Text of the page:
Roald Dahl’s ‘wondercrump’ children’s book The BFG has delighted families for years. And this summer, an animated adaptation by Stephen Spielberg brought the magical adventures in Giant Country to life — complete with disgusting snozzcumbers, whizzpopping soda, and a visit to the Queen of England. But beneath the silliness lies a touching story about friendship, loneliness, and the difference between right and wrong.


Like most of Roald Dahl’s best-loved novels, the hero of The BFG is a clever young child surrounded by cruel adults. And while Giant Country is dangerous for Sophie — the other giants do want to eat her after all — it also full of childlike wonder. How important are the lessons of childhood?


Despite appearances, Sophie and the Big Friendly Giant have a lot in common. They are both small (for their species) and bullied by the people around them. But most of all, they are lonely — a feeling that almost all of us have identified with at one time or another.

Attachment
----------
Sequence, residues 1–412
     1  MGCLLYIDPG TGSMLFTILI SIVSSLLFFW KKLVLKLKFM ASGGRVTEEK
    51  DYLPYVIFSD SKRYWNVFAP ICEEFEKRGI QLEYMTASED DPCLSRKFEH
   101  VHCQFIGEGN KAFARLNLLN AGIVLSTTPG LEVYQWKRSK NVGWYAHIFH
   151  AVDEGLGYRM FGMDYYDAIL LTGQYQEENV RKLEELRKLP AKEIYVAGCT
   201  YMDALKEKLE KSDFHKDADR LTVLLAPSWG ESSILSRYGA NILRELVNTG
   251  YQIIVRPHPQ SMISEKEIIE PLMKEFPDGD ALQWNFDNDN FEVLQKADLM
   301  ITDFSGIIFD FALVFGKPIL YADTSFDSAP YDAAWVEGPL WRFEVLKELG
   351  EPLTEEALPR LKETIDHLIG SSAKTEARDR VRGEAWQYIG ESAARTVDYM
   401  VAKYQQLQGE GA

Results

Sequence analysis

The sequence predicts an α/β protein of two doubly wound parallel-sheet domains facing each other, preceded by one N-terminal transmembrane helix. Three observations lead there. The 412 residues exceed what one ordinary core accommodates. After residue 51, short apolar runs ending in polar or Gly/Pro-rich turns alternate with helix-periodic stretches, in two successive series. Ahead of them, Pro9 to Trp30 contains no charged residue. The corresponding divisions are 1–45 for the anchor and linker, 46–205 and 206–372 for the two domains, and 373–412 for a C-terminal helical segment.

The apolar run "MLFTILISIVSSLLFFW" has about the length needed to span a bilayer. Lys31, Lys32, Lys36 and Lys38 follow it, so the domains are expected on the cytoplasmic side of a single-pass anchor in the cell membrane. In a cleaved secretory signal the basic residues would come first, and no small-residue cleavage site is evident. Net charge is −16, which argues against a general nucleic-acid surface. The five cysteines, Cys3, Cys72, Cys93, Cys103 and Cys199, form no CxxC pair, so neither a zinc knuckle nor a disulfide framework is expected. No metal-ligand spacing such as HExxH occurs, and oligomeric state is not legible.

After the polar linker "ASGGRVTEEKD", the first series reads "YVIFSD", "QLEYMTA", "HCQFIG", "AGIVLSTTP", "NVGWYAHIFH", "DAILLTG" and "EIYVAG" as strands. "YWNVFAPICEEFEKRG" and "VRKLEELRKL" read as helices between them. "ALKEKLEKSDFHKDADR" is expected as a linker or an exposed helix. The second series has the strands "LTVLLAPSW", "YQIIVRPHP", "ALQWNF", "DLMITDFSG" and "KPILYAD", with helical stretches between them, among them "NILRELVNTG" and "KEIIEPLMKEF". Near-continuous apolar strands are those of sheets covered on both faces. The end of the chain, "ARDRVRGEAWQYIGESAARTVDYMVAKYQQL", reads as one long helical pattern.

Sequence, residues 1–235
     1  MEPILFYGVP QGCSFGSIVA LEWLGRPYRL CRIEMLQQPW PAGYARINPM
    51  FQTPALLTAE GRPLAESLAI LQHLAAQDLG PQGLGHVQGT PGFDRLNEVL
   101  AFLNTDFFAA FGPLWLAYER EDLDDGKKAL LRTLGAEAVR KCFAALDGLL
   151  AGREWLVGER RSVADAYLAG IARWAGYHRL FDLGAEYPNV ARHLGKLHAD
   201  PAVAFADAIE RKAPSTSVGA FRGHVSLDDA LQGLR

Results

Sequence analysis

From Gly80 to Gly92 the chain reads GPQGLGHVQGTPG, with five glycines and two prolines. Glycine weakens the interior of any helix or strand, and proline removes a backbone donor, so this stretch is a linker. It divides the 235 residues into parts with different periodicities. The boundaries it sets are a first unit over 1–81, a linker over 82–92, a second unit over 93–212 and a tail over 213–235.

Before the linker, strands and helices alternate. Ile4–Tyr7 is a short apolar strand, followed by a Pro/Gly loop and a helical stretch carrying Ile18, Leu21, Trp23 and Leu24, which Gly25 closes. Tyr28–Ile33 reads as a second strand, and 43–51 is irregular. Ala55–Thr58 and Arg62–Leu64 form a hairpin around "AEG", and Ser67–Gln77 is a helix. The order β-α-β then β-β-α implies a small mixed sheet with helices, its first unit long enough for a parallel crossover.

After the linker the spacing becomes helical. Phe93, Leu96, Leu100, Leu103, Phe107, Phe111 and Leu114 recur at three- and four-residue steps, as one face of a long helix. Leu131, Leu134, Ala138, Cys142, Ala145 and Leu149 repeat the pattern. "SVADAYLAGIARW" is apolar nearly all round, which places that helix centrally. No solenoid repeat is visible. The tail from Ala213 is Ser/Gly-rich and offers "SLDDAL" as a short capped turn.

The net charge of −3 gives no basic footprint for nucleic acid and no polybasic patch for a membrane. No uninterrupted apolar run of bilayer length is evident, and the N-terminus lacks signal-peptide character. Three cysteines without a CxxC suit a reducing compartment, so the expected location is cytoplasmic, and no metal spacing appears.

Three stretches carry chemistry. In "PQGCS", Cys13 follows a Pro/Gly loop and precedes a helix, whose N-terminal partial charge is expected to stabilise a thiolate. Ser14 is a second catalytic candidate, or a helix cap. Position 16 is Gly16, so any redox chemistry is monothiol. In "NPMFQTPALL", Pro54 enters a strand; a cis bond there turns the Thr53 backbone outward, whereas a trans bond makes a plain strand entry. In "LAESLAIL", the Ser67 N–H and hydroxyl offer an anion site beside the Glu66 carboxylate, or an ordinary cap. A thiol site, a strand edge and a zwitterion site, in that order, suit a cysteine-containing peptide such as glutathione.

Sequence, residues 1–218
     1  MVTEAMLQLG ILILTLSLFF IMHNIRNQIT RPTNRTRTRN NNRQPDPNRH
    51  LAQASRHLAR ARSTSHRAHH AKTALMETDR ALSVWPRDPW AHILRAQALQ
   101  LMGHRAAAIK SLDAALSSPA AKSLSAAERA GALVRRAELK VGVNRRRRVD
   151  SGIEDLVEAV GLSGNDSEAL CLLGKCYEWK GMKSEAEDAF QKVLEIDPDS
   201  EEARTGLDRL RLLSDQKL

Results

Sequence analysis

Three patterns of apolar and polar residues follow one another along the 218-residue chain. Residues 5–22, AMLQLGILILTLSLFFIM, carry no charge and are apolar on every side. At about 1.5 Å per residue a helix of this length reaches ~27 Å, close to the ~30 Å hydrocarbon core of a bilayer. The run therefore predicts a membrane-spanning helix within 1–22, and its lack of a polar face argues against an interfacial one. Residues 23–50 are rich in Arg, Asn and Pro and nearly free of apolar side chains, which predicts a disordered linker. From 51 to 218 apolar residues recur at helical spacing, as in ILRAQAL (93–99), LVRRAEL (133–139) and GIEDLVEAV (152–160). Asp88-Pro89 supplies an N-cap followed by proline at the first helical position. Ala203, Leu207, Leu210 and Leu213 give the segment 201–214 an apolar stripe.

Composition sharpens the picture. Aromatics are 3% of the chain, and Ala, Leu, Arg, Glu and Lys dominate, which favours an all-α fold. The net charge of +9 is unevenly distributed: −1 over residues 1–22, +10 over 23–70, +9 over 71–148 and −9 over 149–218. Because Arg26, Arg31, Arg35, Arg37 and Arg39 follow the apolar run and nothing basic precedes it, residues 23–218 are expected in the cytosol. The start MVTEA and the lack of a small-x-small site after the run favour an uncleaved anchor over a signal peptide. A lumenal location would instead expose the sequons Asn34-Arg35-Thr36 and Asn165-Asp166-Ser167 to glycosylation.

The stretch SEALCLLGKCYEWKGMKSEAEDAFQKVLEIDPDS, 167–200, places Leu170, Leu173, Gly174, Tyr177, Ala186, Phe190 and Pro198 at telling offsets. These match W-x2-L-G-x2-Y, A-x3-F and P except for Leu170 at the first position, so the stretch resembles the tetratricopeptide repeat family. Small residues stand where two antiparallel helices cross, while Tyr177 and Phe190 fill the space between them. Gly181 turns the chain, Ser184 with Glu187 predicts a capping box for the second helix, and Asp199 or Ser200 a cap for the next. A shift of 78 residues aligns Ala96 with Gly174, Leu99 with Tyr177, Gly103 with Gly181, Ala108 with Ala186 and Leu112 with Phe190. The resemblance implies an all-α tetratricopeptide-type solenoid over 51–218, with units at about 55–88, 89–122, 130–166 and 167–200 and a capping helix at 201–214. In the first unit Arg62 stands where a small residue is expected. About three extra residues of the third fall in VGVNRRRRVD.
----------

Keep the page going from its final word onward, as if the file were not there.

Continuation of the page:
‘I know exactly what words I am wanting to say, but somehow or other they is always getting squiff-squiddled around,’ says the BFG. His funny way of speaking makes for some delightful wordplay — and although Sophie finds it confusing at first, she soon grows to love it. Whoopsey-splunkers!


Despite the small matter of her kidnapping, Sophie and the BFG soon hit it off. They protect and encourage each other, and together they solve problems far bigger than their small size.

Good and bad

Sophie is understandably indignant that the other giants are eating children. But it is not as simple as giants-good-humans-bad, as the BFG points out. He would be captured and put in a zoo if humans found out about him. And humans kill far more of their own kind than giants do.